Interestingly, nearly two-thirds of respondents globally said that optimization of the internal combustion engine (ICE) currently offers greater efficiency and the most potential for carbon emission reduction than the current electromobility technologies over the next 5 years.
Those findings are compelling when viewed alongside the survey results showing that Asian and European OEMs are most likely to gain hugely in market share over the next 5 years, with seven out of the 10 fastest growing auto manufacturers expected to be from Asia. Moreover, a majority of respondents believe that China will lead in both sales and exports of vehicles by 2017 followed by the US, and Brazil in a close tie for third with India.
Converging markets, new technology increase growing threat of overcapacity
As with KPMG’s 2010 global auto survey, this year’s survey shows that overcapacity and excess production remain critical issues, with over half of respondents expecting China to be the most overbuilt by 2016. Yet, the survey’s findings reveal that still no real solutions have been identified and nearly one fifth of respondents do not see overcapacity as a serious threat in the BRIC (Brazil, Russia, India and China) markets despite available industry data that indicates that unutilized capacity is a real threat in the region and is rapidly increasing.
Urban mobility and the connected car
Other issues that players vying to control the value chain should be tuning into in addition to fuel technology, the report said, are urbanized mobility services1, ‘connected-car’ solutions and seeking new alliances and partnerships to tap into innovation and unique competencies.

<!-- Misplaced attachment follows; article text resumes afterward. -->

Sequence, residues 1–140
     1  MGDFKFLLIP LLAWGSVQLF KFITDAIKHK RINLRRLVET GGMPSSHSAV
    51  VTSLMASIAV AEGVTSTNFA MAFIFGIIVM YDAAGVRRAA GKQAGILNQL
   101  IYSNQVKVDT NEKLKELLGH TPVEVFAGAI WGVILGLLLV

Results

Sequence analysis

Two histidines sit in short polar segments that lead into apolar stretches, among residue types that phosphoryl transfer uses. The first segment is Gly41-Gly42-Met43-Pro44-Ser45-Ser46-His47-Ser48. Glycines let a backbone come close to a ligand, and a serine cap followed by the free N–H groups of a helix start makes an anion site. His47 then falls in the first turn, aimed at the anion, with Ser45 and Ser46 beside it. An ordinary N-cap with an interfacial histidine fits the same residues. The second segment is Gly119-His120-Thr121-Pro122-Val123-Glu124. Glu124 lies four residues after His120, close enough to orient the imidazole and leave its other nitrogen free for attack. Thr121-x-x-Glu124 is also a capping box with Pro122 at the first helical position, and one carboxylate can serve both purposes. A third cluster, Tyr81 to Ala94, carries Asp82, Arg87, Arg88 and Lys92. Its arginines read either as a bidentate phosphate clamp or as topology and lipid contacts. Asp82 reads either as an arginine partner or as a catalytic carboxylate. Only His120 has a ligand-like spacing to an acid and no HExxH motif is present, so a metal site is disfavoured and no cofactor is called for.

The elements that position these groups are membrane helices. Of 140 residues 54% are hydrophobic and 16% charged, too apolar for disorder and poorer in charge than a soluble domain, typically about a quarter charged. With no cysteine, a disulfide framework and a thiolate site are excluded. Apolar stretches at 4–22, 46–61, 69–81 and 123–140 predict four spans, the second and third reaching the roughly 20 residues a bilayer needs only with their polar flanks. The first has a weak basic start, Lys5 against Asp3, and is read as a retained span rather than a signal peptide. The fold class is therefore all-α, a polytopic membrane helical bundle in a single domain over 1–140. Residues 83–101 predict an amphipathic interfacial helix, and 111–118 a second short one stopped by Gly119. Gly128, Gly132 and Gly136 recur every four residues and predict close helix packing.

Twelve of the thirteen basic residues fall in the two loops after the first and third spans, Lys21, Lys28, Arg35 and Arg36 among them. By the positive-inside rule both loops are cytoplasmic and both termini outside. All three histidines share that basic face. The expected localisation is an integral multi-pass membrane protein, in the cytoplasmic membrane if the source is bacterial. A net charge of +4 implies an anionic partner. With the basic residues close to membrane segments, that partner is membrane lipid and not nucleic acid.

Urban mobility is a rapidly emerging issue especially in the US and Japan where over 60 percent of respondents believe urban planning will influence vehicle design and usage. In Germany, surprisingly, only 38 percent hold that view.
The study shows that the potential urban customer base for both BRIC and triad markets will range between 6 and 15 percent–or approximately 110 to 230 million customers–in the next 15 years. Brazil is expected be a leading market for mobility services with 42 percent of respondents predicting more than 25 percent of the country’s urban inhabitants will use those services by 2026; overall, China has the greatest potential to lead the market for mobility services with an expected 90 million potential customers.
As younger urban drivers grow more interested in car sharing than in full ownership, OEMs have an opportunity to dominate the space but respondents from around the world had mixed views about who would control this growing new mobility services market. Nearly 30 percent believe that joint alliances between OEMs and new mobility start-ups will be the successful way to go.
Full, integrated vehicle connectivity is long overdue said over 60 percent of survey respondents. While traditionally controlled by OEMs, the very lucrative market for in-car connectivity seems to be open for the taking. Just 30 percent of respondents see OEMs controlling the revenue stream in 2025 followed by IT and communications companies.